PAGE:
There is a lot of information on the web that covers how to select stocks, even dividend stocks. In this post I am going to take the negative angle and present what I feel to be three things that I, as a dividend investor, do not want to see in a dividend stock. In my view, if any of my own dividend stocks exhibit any of these traits then that is a red flag which I need to consider acting on.[ad#tdg-embedded]
1. A Very High Dividend Yield
This one is talked about a lot and it has everything to do with risk. Among other things, a dividend yield is a statement of that company’s individual stock risk. The higher the dividend yield, the higher the risk – typically. I say typically because it is not as simple as looking at a company with a 7% dividend yield and saying that it is more risky. Instead, the investor needs to evaluate that yield against the own company’s historical yield patters. If the company has paid a dividend in the range of 6 – 8% over the past 5 years than the 7% is not out of the norm. However, if the yield is normally 3% for that stock and it is now 7% then something is going on with that company and you better figure out what it is.
2. A High Payout Ratio
First, let’s define what the payout ratio is (source: Investopedia)
The percentage of earnings paid to shareholders in dividends. The payout ratio provides an idea of how well earnings support the dividend payments.
A high payout ratio can spell trouble for that company. Again, this payout ratio must be looked into with consideration given to what the average historical payout ratio for that dividend paying company is.
Typically, a high payout ratio is considered to be in the neighborhood of 60% or higher. Since we are talking about ensuring that the company’s earnings can cover the dividend payment, it makes sense that a company that is paying a high portion of those earnings in dividends can become risky. Especially if that payout ratio has spiked recently. The last thing we want as dividend investors is to own a company that can no longer cover its dividend payments!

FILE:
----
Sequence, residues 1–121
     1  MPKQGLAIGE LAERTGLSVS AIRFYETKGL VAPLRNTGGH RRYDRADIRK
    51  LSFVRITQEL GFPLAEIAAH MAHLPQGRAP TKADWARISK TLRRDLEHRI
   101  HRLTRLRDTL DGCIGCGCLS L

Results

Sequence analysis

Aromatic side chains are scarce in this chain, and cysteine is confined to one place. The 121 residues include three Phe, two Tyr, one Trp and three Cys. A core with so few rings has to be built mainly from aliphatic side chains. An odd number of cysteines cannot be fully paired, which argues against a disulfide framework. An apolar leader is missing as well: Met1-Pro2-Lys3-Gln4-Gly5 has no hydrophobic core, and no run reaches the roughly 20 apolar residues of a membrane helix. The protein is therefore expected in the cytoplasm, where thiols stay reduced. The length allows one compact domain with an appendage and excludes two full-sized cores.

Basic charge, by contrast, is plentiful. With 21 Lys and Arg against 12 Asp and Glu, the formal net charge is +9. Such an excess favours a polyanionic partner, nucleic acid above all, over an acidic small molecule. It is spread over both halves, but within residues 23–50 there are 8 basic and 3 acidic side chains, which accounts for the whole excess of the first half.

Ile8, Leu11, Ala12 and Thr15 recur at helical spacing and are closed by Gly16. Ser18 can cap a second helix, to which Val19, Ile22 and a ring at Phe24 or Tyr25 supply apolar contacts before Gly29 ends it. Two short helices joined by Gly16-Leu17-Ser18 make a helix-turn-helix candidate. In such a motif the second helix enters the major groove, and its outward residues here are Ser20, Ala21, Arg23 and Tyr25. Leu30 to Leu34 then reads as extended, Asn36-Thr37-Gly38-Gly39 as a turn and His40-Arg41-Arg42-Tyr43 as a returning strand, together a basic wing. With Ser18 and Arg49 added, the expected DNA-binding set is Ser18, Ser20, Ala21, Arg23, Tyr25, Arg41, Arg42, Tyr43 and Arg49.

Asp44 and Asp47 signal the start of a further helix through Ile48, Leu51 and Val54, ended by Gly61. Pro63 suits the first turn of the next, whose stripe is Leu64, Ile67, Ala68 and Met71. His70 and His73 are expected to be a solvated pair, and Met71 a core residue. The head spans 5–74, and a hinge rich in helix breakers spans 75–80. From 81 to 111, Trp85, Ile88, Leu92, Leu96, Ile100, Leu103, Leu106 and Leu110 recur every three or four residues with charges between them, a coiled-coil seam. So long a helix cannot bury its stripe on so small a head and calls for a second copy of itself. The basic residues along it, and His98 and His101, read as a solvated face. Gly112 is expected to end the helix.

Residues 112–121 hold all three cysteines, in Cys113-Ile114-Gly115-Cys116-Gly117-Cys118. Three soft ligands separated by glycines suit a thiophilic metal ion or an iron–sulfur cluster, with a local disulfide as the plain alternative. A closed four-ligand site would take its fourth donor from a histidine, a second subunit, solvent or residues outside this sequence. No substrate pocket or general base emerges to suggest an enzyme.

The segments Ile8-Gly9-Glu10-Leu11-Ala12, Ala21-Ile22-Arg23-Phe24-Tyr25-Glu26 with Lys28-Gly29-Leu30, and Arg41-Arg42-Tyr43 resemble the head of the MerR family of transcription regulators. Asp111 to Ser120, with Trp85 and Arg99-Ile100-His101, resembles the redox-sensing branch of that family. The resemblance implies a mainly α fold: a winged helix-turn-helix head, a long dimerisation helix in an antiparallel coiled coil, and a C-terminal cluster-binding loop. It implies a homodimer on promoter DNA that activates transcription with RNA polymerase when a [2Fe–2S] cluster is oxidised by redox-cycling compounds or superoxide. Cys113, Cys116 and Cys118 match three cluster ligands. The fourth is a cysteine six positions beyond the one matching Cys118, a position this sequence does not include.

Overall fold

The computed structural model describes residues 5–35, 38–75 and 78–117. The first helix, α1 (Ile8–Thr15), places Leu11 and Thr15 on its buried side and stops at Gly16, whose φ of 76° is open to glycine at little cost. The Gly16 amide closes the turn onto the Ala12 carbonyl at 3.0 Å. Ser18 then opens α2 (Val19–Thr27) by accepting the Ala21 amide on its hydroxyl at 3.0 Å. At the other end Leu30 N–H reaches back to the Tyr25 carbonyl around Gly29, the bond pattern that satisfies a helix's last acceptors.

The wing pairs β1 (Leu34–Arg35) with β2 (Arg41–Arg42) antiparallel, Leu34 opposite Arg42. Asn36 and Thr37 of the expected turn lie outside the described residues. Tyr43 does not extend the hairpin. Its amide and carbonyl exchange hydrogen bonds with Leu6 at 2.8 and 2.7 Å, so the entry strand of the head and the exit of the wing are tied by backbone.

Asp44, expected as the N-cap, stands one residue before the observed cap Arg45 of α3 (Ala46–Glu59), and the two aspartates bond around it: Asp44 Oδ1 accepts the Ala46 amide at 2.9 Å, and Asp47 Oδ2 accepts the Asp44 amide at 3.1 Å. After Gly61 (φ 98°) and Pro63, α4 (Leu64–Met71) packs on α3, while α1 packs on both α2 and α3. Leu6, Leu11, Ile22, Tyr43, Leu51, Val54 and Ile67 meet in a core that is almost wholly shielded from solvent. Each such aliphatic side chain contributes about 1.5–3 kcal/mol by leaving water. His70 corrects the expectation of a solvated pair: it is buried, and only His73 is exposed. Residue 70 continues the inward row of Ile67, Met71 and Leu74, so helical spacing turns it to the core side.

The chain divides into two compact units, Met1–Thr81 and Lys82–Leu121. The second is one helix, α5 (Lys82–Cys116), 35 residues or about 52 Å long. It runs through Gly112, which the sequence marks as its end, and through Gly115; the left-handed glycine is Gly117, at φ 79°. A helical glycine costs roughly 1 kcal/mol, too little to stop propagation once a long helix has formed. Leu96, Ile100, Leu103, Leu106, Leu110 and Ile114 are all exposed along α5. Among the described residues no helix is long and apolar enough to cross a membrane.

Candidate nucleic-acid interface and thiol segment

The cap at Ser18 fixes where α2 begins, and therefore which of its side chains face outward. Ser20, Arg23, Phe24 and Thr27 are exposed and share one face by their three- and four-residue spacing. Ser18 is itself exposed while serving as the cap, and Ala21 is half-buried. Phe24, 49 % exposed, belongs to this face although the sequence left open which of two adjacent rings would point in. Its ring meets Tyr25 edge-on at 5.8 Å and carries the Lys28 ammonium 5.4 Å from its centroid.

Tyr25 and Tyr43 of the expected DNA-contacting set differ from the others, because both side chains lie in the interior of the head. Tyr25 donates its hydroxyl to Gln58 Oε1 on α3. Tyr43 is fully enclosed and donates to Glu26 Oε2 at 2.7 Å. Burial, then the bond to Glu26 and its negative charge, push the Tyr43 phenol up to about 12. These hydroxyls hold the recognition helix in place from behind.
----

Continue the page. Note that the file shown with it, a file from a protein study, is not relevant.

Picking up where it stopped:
3. A Dividend Yield Less than the Market’s Yield
This one will be a bit controversial so I invite readers to chime in using the comments section below.
What I am getting at here is that when you go to buy a dividend stock, then perhaps it does not make sense to buy one with a dividend yield less than the overall markets? Why not simply go out and buy an S&P 500 index fund and get the higher dividend yield right off the bat and cut out your individual stock risk?
As dividend investors who buy individual stocks, we are taking on a higher degree of risks as we are exposed to what is called individual stock risk. Amongst the risks we get from the overall market, economic circumstances, and other factors, we also get the risk of that individual company performing poorly and taking our share price down. As such, it stands to reason that we should be compensated for this risk. One way is to receive a good dividend payment from that company. The higher the dividend payment the better (within reason – see above) to help offset that risk we take.
As of this writing, the SPDR S&P 500 ETF (NYSE:SPY) index is trading at a dividend yield of 2.6%. That would mean that as a dividend investor who believed in this rule you would avoid buying dividend stocks with a a yield less than 2.6%.
The first two things dividend investors don’t want to see in their dividend stocks are pretty common – a dividend yield that is too high and a payout ratio the company cannot afford. The third – a stock with a yield less than the market – is more controversial in nature and I am not totally sure where I stand on this one yet. I have not done enough research to determine it Perhaps over the long term a company with a higher dividend growth rate will help offset the lower yields. Let me know what you think using the comments.